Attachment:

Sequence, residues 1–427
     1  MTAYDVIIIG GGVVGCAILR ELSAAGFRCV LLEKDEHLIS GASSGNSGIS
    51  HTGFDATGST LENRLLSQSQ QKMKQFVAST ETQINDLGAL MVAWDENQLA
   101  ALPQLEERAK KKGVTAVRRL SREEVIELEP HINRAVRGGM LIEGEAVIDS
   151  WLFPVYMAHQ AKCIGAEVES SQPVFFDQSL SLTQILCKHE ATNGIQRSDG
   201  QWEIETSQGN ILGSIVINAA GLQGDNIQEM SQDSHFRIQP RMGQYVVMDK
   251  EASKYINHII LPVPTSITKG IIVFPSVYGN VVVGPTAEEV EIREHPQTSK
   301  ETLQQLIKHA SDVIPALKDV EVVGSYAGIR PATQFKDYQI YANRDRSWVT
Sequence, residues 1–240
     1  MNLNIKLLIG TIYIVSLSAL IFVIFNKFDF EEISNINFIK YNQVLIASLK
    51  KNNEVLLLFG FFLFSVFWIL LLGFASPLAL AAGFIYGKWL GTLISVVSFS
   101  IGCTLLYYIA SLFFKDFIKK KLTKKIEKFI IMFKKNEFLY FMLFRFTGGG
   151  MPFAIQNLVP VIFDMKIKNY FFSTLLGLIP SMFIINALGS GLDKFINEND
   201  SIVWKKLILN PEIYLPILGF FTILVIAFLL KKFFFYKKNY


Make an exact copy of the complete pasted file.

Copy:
Sequence, residues 1–427
     1  MTAYDVIIIG GGVVGCAILR ELSAAGFRCV LLEKDEHLIS GASSGNSGIS
    51  HTGFDATGST LENRLLSQSQ QKMKQFVAST ETQINDLGAL MVAWDENQLA
   101  ALPQLEERAK KKGVTAVRRL SREEVIELEP HINRAVRGGM LIEGEAVIDS
   151  WLFPVYMAHQ AKCIGAEVES SQPVFFDQSL SLTQILCKHE ATNGIQRSDG
   201  QWEIETSQGN ILGSIVINAA GLQGDNIQEM SQDSHFRIQP RMGQYVVMDK
   251  EASKYINHII LPVPTSITKG IIVFPSVYGN VVVGPTAEEV EIREHPQTSK
   301  ETLQQLIKHA SDVIPALKDV EVVGSYAGIR PATQFKDYQI YANRDRSWVT
Sequence, residues 1–240
     1  MNLNIKLLIG TIYIVSLSAL IFVIFNKFDF EEISNINFIK YNQVLIASLK
    51  KNNEVLLLFG FFLFSVFWIL LLGFASPLAL AAGFIYGKWL GTLISVVSFS
   101  IGCTLLYYIA SLFFKDFIKK KLTKKIEKFI IMFKKNEFLY FMLFRFTGGG
   151  MPFAIQNLVP VIFDMKIKNY FFSTLLGLIP SMFIINALGS GLDKFINEND
   201  SIVWKKLILN PEIYLPILGF FTILVIAFLL KKFFFYKKNY